Demis Foster, Executive Director
A life-long conservationist, Demis has over 25 years experience working on environmental campaigns and programs in the West. Demis grew up on a five generation family ranch in southern Idaho where she developed a lifelong love for nature, and a deep appreciation for the land and water that sustained the families in her rural farming community.
While earning a Bachelor of Arts in English and Creative Writing from Boise State University, she worked for the Wolf Recovery Foundation—the first organization in Idaho dedicated to the restoration of wolves in the Rockies. She then moved to the Pacific Northwest where she spent 15 years working on conservation campaigns, adventure and field science programs for youth, and overseeing a national environmental film festival. Demis was awarded the National Leadership Award for outstanding leadership in protecting public lands for her work as the Director of the Ancient Forest Roadshow—a year-long advocacy tour traveling across the nation with a 1,000-lb. crosscut section from an old-growth Douglas Fir tree.
She moved to New Mexico in 2010 to work on public lands and wildlife campaigns including the Mexican gray wolf recovery effort and the Rio Grande del Norte National Monument designation. She took the helm of Conservation Voters New Mexico as the Executive Director in 2013.
Roberto Aponte, Deputy Director of Operations
He is a visionary manager and leader with more than 25 years in event production and organizational leadership, in both corporate and nonprofit settings. In addition to his expertise in business administration, Roberto has strong skills as a trainer, facilitator and coach. He has a Master of Arts in Business from the California Institute of Integral Studies, and an undergraduate degree in Communications from Emerson College in Boston. His unique master’s degree was focused on bringing environmental sustainability and social responsibility to the practice of business.
Roberto’s career success began when he recognized the importance of being able to integrate the fullness of who a person is into the work that one does. When he applied this principle to his own work life, he experienced less work-related stress, became a more effective and productive worker and lived a more fulfilling life. He then extended this approach toward life-work balance to the teams and projects he managed with increasingly positive results. Roberto’s vision is that all human beings develop a healthy relationship to their work, leading to a sense of community in their workplaces and thus making it easier to do work that supports balance with our natural environment and greater collaboration amongst all social groups.
Molly Sanders, Deputy Director of Program
Previously, Molly was the Global Warming Program Associate for Environment New Mexico, where she worked to mobilize public and grasstops support for clean and renewable energy in New Mexico. During her time there, she also worked with local groups on urban sprawl issues, and directed a canvassing operation during the 2008 Presidential Election.
Prior to coming to New Mexico in 2008, Molly received her bachelor’s degree from the University of Minnesota in Geography with a concentration in Environmental Systems, and Sustainability. During her undergraduate studies, she also collaborated with several professors, organizations, and the City of Minneapolis conducting research on the public’s attitudes and perceptions of environmental action to help shape the city’s growing sustainability program. In her spare time, Molly enjoys camping, hiking and skiing.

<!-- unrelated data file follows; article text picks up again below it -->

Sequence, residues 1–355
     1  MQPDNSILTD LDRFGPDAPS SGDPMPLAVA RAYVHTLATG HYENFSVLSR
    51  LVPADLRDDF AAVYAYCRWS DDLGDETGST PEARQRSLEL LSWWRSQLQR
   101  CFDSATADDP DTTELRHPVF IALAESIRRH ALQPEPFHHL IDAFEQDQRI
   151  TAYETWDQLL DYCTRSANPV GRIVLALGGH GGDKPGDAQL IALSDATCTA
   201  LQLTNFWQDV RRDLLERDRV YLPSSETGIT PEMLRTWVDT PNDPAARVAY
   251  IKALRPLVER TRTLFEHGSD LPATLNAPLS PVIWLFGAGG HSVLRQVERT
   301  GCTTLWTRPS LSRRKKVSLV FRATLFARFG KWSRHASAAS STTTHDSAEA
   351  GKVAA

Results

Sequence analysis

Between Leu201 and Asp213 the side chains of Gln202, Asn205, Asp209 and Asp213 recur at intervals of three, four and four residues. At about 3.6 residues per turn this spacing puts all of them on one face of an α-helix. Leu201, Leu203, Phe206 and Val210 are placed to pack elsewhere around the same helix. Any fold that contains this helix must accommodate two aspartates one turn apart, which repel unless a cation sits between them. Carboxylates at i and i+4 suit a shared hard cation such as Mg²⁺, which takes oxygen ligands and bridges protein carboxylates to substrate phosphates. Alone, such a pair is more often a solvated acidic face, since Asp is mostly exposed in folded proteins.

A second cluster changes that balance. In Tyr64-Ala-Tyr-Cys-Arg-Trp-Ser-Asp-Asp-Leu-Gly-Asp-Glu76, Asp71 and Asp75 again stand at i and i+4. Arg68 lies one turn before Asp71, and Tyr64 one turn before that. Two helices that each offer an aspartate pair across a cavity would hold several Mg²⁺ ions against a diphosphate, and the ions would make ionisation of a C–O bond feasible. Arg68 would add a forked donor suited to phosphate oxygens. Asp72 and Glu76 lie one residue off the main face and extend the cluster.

Allison Fabara, Development Director
Allison came on board as CVNM’s Development Director in June 2010. Prior to joining CVNM, she worked in non-profit fundraising for eight years in Washington D.C. Most recently, she served as a senior member of the development department at NARAL Pro-Choice America, planning major donor fundraising events across the country.
After traveling to the Land of Enchantment several times for work and vacation, Allison fell in love with its natural beauty and unique culture. She is passionate about protecting the place she now calls home. Allison earned her Bachelor of Arts at Villanova University in liberal arts with a concentration in social sciences. She grew up in the Philadelphia area and enjoys running, yoga, and traveling.
Liliana Castillo, Communications Director
Liliana’s career has centered on giving a voice to the voiceless, creating accountability and a world centered on truth. She has done so through journalism and working for non-profit organizations that help others. Liliana earned her Bachelor of Arts at the University of North Texas in photojournalism with a minor in social sciences.
Born in Montana, Liliana was raised with respect and love for nature, specifically the mountains. She is on a continuous quest to capture and preserve the natural beauty of the world in photographs and words. She is elated to be able to help protect the environment through her work at CVNM.
Adrian Angulo, Communications Associate
Adrian’s first communication job was translating for his parents as a kid. A first generation Mexican-American citizen, Adrian grew up with a strong sense of civic duty and encouraged his community to engage in the political process.